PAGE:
A few days before Steve’s Gran died, she was expressing her gratitude: “I’m so fortunate to have my family taking care of me.” My mother-in-law responded, “Of course, Mom, it’s what families do.” Gran smiled, “It’s because we’re Italian.”
My mother-in-law gently explained that they are not Italian. (In fact very Anglo-Saxon. The family name is Jones!) Now I’m from an Italian American family and Gran spent an awful lot of time with us…I do believe Italian rubbed off on her. How could it not? We spent most of the time in the kitchen cooking. The rest of the time in the garden enjoying a cup of coffee. Gran loved her coffee. While she was here, I never drank so much in my life! “Come, Debbie, have a cup of coffee with me.” She would ask late in the afternoon. “Oh, and maybe we can have those cookies we made the other day. Just a couple. We don’t want to spoil our dinner.” How could I refuse? It was precious time spent with an amazing woman…my only grandma.
Italians pass the time playing cards. Gran never played cards before, but she learned fast. Her youngest daughter was surprised, “Mother doesn’t play cards!” Gran was brought up in the Reformed Church of the Latter Day Saints…no card playing allowed, no dancing, no drinking, no swearing. Well, in our house Gran played Gin-Rummy, enjoyed “just a sip” of Steve’s homemade wine and no, not a virgin margarita, but a real one “you know I love the salted rim!” and once we were having a frank discussion after dinner about the consequences of proposition 8 and Gran got upset, “It’s no one’s damn business who people love!” Oh yes, and she and I would dance. Foregoing the walker, I would hold her tightly in my arms and we’d sway to the music.
When Kyra would come home, we would all be in the kitchen making something delicious. My Mom would join us—she runs my practice which is right here on our property so I could be home for the kids and then for Gran—four generations making fig jam, stuffing zucchinis, preparing yet another meal. Mom would squeeze Gran and give her a kiss. “It’s not a kitchen without a grandma in it!” Just as Gran took me in as her granddaughter, she treated my mother as a daughter.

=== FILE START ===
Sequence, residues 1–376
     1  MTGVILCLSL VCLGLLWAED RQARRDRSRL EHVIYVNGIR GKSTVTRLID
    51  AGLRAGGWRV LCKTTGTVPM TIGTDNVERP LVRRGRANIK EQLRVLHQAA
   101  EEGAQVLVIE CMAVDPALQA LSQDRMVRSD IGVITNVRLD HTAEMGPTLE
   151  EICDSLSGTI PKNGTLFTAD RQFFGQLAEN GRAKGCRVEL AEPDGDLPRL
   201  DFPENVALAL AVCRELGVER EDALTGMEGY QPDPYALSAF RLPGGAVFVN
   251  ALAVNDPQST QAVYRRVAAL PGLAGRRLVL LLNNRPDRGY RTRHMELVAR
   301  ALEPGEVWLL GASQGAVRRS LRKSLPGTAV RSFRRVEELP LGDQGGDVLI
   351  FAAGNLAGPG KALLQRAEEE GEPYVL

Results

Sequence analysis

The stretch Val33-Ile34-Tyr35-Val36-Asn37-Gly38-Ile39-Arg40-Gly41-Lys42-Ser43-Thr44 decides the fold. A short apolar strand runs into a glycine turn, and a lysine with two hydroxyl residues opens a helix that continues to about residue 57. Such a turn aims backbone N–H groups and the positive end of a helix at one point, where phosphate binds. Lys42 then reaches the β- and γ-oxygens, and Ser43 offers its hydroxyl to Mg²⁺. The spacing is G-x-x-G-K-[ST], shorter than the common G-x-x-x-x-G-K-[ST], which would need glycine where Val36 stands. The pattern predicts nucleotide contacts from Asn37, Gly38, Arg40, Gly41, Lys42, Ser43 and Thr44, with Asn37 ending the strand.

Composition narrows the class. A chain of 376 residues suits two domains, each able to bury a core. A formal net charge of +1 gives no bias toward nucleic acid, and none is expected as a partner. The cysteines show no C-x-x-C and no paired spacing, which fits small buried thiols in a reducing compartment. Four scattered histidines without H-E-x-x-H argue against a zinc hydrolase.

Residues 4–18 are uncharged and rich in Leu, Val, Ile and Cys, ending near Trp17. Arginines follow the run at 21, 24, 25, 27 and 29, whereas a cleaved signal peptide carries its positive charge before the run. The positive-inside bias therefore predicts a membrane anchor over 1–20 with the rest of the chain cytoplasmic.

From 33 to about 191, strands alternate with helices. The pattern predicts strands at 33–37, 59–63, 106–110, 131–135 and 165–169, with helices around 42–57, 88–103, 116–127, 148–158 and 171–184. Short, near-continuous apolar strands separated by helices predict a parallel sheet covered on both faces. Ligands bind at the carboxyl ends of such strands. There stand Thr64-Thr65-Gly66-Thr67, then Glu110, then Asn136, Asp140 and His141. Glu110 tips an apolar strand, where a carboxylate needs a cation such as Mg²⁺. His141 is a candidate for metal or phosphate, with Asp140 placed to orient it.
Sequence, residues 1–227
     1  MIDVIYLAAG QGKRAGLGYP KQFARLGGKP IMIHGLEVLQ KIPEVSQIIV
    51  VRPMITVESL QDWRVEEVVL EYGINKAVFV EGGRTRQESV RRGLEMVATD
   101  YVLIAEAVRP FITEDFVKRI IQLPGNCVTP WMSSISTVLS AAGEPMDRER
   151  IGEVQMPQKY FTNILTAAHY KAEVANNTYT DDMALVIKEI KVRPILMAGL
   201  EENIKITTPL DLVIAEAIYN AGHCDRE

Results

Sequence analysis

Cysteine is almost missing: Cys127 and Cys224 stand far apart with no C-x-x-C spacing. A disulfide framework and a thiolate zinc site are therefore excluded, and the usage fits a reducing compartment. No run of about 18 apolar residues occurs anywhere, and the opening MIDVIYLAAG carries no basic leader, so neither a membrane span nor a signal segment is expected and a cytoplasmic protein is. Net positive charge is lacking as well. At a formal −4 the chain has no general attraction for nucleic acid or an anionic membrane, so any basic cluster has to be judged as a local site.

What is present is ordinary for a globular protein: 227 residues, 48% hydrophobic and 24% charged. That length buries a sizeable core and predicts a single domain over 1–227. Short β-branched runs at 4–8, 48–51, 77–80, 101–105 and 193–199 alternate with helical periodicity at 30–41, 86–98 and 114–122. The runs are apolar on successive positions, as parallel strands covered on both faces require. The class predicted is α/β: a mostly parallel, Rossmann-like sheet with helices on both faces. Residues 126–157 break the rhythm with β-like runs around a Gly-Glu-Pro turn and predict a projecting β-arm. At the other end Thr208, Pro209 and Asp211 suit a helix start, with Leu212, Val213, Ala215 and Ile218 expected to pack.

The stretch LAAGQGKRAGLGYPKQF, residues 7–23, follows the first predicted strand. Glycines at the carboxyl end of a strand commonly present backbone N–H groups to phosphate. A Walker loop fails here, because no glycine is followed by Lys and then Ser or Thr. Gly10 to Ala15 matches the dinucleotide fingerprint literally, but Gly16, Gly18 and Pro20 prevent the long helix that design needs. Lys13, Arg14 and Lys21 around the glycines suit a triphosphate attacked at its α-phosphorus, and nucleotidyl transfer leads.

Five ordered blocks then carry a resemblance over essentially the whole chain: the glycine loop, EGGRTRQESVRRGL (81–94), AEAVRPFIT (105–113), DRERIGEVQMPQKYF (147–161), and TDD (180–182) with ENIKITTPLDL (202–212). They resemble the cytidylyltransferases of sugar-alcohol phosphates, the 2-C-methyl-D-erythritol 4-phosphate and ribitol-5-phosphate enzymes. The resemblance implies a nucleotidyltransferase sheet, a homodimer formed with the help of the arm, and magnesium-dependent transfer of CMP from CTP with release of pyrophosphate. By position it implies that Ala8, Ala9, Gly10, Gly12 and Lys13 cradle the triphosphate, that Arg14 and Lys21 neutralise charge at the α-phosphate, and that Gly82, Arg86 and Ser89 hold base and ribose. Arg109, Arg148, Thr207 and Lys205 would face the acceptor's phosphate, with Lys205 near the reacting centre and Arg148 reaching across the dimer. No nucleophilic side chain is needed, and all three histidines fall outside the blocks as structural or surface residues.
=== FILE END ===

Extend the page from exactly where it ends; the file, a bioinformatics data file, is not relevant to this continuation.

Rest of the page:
Gran had enough love for all of us and more. Years ago, she “adopted” a young black man who reveres her. And her Hispanic caretaker came to the hospital in February, laid her head next to Gran’s and wept. She stayed hours petting and fussing over Gran.
Gran worked in the Farmers Market for thirty something years making friends with Jewish, Asian, Hispanic and Blacks. She did not see race or color or religion or sexual preference. Gran only saw people. And she was always delighted to meet them, all of them…and perhaps share a cup of coffee?
Steve and I were reminiscing. I know you tend to elevate the dead, forgetting their worldly transgressions and focusing on the good. But no need to embellish Gran. Like Steve said, “She was always genuinely glad to be see me, accepted me completely and my presence brought her joy.” Gran treated all of us like this…in her presence our truth shone…because she really “saw” us…she looked past the shadows and embraced the light in each of us…
Steve believes karma is incurred over your lifetime. He’s spent his consciously banking good karma. Gran didn’t know much about karma…but her bank was full. I believe karma can be imprinted. My research shows it begins in the womb…remember the Red Cord…yet I have been branded by Gran. She has imprinted me to the roots of my soul.
When the family made plans for the funeral, I called my mother-in-law and told her “Mom said the Italian side of the family is cooking! Oh, and we don’t do petit fours.” She laughed and told her sister. I could hear Auntie in the background. “Thank goodness, I love tomato, mozzarella and basil.”
I’ve entitled the menu—Gran’s Day—the day we gathered to celebrate her life: Bruschetta, melon and prosciutto, marinated grilled veggies, olives, of course lots of bread to dip in Mom’s sauce…she’s doing most of the cooking. I’m the baker in the family… Gran loved my holiday cookies and they go so very well with a cup of coffee.
Mom comes up behind me and gives me a hug and a kiss on the back of my neck, “Someday you’ll do this for me.”
There are no tears as we connect in the kitchen—Gran joins us—to reminisce and to prepare delicious food, lots of it… It’s what family does…because we’re Italian.